SDX330 Algorithms

The 100 factory programs are derived from 16 algorithms, with Parametric EQ and MIDI real‑time control assignments common to all.

  • STEREO CHORUS: a true stereo input and output chorus, with variable phase between left and right channels.
  • STEREO 3D CHORUS: true stereo chorus, with 3D positioning added.
  • 3D PANNER: Dynamic 3D panning effects, with control of speed, direction, and start point.
  • SPACE CHORUS: a wide, spatial chorus, very accurately replicating Roland's own SDD320 Dimension D unit.
  • 2‑BAND CHORUS: true stereo chorus with two‑way band‑splitting for separate chorusing of different frequency zones. Crossover point variable from 400Hz‑4kHz.
  • 3‑BAND CHORUS: true stereo chorus, with three‑way split. Crossover points, 100Hz‑1kHz, 800Hz‑8kHz.
  • 4‑BAND CHORUS: mono input, stereo output chorus, with four‑way frequency division. Crossover points, 100Hz‑1kHz, 400Hz‑4kHz, 800Hz‑8kHz.
  • STEREO 8‑PHASE CHORUS: a complex true stereo chorus, with independent parameters for each of the eight 'voices', including LFO phase and polarity.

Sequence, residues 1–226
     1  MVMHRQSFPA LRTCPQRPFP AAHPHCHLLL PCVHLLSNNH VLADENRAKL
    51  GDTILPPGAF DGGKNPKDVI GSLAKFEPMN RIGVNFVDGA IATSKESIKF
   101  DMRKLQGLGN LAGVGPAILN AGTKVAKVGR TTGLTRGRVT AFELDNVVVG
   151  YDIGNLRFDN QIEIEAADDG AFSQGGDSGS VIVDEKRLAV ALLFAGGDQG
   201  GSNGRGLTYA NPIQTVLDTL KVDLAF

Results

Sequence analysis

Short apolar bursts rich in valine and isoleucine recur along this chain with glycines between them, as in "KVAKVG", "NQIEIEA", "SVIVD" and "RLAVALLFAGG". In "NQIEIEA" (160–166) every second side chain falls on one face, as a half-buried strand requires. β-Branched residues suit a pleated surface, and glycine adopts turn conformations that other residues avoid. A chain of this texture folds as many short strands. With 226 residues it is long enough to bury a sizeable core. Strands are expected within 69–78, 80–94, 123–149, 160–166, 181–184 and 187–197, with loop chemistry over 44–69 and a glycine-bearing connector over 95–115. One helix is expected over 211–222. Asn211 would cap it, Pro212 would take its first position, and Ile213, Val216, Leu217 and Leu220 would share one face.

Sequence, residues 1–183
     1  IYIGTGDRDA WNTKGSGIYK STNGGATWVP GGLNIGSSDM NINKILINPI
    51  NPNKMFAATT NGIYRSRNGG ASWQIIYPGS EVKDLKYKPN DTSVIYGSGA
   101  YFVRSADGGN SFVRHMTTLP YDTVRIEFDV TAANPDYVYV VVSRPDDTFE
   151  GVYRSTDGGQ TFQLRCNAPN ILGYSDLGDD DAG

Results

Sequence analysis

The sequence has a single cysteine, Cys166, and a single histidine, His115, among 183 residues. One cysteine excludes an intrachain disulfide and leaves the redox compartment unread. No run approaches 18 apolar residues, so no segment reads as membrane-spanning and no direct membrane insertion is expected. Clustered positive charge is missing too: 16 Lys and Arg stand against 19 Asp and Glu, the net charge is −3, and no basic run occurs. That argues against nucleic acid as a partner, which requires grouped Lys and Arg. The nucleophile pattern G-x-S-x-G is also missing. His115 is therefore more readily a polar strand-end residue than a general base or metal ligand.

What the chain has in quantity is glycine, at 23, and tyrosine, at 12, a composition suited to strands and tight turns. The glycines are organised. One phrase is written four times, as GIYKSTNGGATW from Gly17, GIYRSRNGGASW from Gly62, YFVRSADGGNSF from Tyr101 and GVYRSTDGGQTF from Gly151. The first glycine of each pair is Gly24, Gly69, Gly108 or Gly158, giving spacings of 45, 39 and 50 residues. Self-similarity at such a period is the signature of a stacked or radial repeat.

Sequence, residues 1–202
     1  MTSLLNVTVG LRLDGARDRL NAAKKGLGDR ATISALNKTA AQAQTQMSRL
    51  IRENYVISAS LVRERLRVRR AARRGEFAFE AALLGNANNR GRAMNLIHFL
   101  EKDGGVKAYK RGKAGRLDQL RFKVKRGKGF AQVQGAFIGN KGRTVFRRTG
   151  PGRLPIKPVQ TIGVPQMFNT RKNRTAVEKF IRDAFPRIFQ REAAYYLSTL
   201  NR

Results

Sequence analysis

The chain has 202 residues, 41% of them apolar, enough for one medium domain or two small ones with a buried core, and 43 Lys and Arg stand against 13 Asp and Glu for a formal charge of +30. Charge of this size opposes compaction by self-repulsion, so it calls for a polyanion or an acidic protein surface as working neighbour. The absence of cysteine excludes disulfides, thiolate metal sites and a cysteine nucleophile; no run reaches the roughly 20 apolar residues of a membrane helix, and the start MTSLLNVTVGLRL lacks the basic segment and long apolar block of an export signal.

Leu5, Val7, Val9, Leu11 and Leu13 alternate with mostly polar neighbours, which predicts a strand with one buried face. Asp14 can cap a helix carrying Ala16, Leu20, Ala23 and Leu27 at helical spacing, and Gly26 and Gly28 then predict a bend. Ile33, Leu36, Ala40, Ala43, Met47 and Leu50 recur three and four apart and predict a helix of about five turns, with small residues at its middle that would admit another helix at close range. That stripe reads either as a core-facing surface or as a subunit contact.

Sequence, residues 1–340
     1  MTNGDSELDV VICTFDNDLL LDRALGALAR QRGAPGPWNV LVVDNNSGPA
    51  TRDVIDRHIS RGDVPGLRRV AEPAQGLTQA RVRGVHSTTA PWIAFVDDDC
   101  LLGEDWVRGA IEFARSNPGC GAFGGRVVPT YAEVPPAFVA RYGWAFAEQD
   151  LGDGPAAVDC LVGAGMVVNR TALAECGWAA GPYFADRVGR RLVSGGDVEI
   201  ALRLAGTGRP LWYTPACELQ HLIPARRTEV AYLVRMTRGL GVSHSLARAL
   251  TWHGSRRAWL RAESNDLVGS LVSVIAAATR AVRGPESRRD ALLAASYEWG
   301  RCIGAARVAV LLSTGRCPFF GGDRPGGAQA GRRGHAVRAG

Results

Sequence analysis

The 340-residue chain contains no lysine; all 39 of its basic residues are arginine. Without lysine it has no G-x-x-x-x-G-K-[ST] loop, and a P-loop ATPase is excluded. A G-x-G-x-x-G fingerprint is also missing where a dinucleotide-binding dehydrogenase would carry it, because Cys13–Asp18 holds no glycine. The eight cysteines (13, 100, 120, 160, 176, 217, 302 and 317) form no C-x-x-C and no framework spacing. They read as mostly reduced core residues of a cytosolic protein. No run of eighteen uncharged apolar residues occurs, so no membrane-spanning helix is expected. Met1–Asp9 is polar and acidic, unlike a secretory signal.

• 16‑PHASE CHORUS: a mono (in and out) chorus, with preset Modes, rather than independent voice parameter control.
  • DETUNE CHORUS: a true stereo, non‑cyclic chorus effect, with six high resolution pitch shifters in parallel.
  • ENSEMBLE: stereo/mono chorus using LFOs of differing speeds. Uses Preset modes, rather than user‑variable parameters.
  • WAVE CHORUS: true stereo chorus, with choice of six LFO waveforms.
  • VINTAGE CHORUS: Roland CE2‑type analogue chorus simulation.
  • STEREO FLANGER: true stereo flanger, with choice of LFO waveform.
  • ROTARY: uncannily accurate simulation of rotary cabinet, complete with overdrive stage, and offset speed‑up and slow‑down rates for top and bottom rotors. Great!
  • AMBIENCE CHORUS: chorus with simulated stereo ambience, adding greater spaciousness to the effect.

Example SDX330 Parameters

The Rotary Speaker algorithm

  • Speed: Slow/Fast
  • Horn (fast): 5.00 to 10.00Hz
  • Rotor (fast): 5.00 to 10.00Hz
  • Horn (slow): 0.05 to 5Hz
  • Rotor (slow): 0.05 to 5Hz
  • Rise Time (horn): 1 to 100
  • Rise Time (rotor): 1 to 100
  • Fall Time (horn): 1 to 100
  • Fall Time (rotor): 1 to 100
  • Mix Balance: 90:10 to 10:90
  • Mic Setting Mode: Off‑mic/On‑mic
  • Horn Depth: 0 to 100
  • Rotor Depth: 0 to 100
  • Horn Tremolo: 0 to 100
  • Rotor Tremolo: 0 to 100
  • Overdrive: On/Off
  • Overdrive Gain: 0 to 100
  • Overdrive Drive: 0 to 100
  • Overdrive Level: 0 to 100
  • Diffusion: 0 to 100
  • Effect Level: 0 to 100m